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Friday, Aug. 22, 2014

Hearing closed

Thursday, June 22, 2006

(Photo)
FIRST APPEARANCE:
Wertz accused of killing two Sharp County residents

FIRST APPEARANCE: Steven Victor Wertz, middle, sits between defense attorney Andy Ballard, right, and special state prosecutor Jack McQuary before Wertz' first appearance hearing began June 15 before District Court Judge Mark Johnson. Johnson later declared the hearing closed and ordered media escorted out of the room. Photo/Wulff

Shackled at his wrists and ankles, Steven Wertz slowly stepped out of a van filled with criminal suspects and into his new temporary home ---- the Sharp County Jail ---- June 14.

Wertz, 56, clad in a pair of brown loafers, khaki pants and a short-sleeved plaid button-up shirt, looked anything other than a man facing two capital murder charges.

After staying his first night in his new home, Wertz, wearing a jail-issued orange shirt, pants and sandals, had his first appearance before District Court Judge Mark Johnson June 15 in an interview room in the sheriff's office.

Johnson, who was sitting in for Circuit Judge Harold Erwin, ordered Wertz be held without bond but not before he ordered that all press be barred from the hearing.

Andy Ballard of Little Rock, who represented Wertz in the absence of his attorney, Greg Bryant, also of Little Rock, asked Johnson to close the hearing after he noticed two reporters snapping photos of himself and Wertz.

Ballard said having the press in the hearing would give undue bias in the community and taint the potential jury pool. Special Prosecutor Jack McQuary said the judge had the right to exclude cameras from the hearing but not the press. But Johnson sided with Ballard.

"I feel it's a very important case," Johnson said, adding that he has read details of the case in a local newspaper. Johnson ordered the two reporters escorted out of the room.

Wertz will appear in court again June 28 with alleged accomplice and old friend James Guthrie Burr Snyder Jr.

Wertz and Snyder, 39, were arrested in early May for the December 1986 slayings of Terry and Kathy Watts in Ash Flat. Both are charged with two counts of capital murder, although Wertz is believed to be the trigger man.

Snyder, who allegedly confessed to the double homicide during an interview in late April, waived extradition from Kentucky and was brought to Sharp County May 7. Wertz refused extradition from Florida. He was brought back after local authorities worked with Florida Gov. Jeb Bush.

The state will seek the death penalty against both men, Jack McQuary.

Wertz, who was a reserve officer for the Guthrie, Okla., police department and worked at the Oklahoma National Guard, became a suspect immediately. He had married Terry Watt's ex-wife, Belinda, after she and Terry Watts divorced.

Terry Watts, 25, had been involved in a custody battle with Belinda Wertz over their daughter, Chasenda, 5. Watts was granted custody of his daughter Dec. 18, 1986, after a bitter court battle in Oklahoma.

Chasenda Watts was spending the Christmas holiday with her mother and Wertz in Oklahoma when her father and stepmother were found murdered in their home Dec. 31, by Kathy Watts' mother, Judy Bone, who had stopped by the home to take Terry Watts to work at Cherokee Frame Company.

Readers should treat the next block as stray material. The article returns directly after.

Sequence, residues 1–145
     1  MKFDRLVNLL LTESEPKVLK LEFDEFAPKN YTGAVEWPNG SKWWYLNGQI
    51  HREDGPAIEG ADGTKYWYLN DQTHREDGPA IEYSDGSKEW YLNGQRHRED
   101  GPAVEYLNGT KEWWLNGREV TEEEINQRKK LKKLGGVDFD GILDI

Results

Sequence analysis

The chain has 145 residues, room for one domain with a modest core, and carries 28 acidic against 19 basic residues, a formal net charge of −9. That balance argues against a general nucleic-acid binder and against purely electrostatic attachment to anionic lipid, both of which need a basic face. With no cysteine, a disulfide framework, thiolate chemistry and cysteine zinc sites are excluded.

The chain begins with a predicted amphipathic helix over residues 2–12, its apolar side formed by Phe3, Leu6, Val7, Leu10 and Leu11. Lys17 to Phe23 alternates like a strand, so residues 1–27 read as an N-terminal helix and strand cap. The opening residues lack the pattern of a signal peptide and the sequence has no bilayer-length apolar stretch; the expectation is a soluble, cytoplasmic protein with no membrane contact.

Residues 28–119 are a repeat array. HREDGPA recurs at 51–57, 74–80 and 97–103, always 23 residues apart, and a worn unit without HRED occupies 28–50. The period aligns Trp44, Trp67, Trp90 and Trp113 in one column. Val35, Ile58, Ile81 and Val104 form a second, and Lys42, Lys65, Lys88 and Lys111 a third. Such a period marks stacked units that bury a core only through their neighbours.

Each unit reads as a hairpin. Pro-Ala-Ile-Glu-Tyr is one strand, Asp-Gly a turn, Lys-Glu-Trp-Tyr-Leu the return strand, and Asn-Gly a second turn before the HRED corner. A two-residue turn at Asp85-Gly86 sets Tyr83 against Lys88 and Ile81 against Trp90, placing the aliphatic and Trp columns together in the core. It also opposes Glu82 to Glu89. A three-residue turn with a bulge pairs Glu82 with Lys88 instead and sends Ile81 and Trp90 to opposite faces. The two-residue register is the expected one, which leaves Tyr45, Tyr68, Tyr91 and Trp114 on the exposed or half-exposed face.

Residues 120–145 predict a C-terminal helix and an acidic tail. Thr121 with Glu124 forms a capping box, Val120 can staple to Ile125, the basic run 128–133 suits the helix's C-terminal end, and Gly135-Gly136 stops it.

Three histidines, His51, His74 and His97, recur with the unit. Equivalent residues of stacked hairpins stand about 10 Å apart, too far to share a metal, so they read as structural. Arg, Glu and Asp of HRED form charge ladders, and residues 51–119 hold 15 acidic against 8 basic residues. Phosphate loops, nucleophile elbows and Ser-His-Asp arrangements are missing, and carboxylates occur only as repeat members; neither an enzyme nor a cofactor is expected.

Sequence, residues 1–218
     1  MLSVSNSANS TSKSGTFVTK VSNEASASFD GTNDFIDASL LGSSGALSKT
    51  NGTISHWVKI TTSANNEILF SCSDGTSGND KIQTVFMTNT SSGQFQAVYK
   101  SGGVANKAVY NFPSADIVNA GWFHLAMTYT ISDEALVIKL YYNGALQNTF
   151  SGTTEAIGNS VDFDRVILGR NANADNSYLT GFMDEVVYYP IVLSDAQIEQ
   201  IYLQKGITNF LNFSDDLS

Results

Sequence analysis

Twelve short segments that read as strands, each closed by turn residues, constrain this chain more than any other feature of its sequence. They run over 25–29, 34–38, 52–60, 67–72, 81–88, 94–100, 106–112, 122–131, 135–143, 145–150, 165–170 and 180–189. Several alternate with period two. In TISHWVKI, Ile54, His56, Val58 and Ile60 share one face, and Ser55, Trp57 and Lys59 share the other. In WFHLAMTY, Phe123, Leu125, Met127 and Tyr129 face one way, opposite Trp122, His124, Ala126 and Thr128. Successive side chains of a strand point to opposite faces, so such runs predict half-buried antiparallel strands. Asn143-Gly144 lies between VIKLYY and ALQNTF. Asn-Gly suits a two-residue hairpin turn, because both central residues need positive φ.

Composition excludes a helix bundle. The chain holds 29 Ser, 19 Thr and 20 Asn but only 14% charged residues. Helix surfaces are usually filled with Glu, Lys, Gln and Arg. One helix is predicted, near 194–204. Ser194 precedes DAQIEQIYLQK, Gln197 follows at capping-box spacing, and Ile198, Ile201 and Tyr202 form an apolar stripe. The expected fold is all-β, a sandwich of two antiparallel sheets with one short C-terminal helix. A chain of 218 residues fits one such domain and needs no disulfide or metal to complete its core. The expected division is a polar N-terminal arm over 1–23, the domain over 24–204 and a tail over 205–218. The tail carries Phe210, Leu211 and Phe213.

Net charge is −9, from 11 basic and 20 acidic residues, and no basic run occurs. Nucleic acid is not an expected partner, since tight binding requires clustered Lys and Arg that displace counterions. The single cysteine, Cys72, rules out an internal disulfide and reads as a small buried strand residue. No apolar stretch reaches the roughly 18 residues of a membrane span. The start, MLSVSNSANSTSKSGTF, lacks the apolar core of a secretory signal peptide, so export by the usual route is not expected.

The front door of the home had been kicked in and the front glass had been broken. Terry Watts was found naked in the living room floor and had suffered a gunshot wound to the chest. His throat had also been cut and a finger had been severed. The couple's 11-month-old son, Joshua, who turned 1 four days after the murders, was found sleeping next to his father in the living room. He was not harmed.

Kathy Watts, 22, was found naked in the floor of a bedroom in the home. She had sustained two gunshot wounds, one to the left thigh and one to the head. Both are believed to have been shot with a 12-gauge shotgun loaded with buckshot.

Chasenda was scheduled to return to her father in Arkansas Jan. 2, 1987, but she remained in Oklahoma after the deaths. Steven and Belinda Wertz later divorced and Wertz moved to Florida about 15 years ago, Sharp County Sheriff Dale Weaver said. Belinda Wertz remarried. Chasenda is now grown and married, he said.

The Watts' son, Joshua, grew up with Bone. They moved away from the area shortly after the murders. They now reside in Missouri, Weaver said.

The case had remained open but cold for years, Weaver said. When he took office in 2003 he began working on the case again.

Police spoke to Snyder, who knew Wertz at the time from his involvement with the National Guard in Oklahoma, on April 25. At that time Snyder confessed to the crime, Detective Sgt. David Huffmaster said.

Snyder told police he had accompanied and assisted Wertz by providing the transport and getting Terry Watts to come to the door and then acting as a lookout after the initial shots had been fired, Huffmaster said. Synder also said he assisted in arranging the false alibi that Wertz provided when the two men returned to Oklahoma.

Huffmaster said the fact that the two men are from out of state is one of the reasons it has taken this long to get a warrant.

McQuary said charges weren't filed until recently because of a conflict of interest that existed with prosecutors from the area. One of the deputy prosecutors had worked with Terry Watts before his death, said McQuary, a deputy prosecutor in Benton for the 6th Judicial District, who accepted the case a year ago. He began working on the case diligently in the fall of 2005.

Belinda Wertz Stewart has not been charged in the case, McQuary said, adding that the investigation is ongoing.



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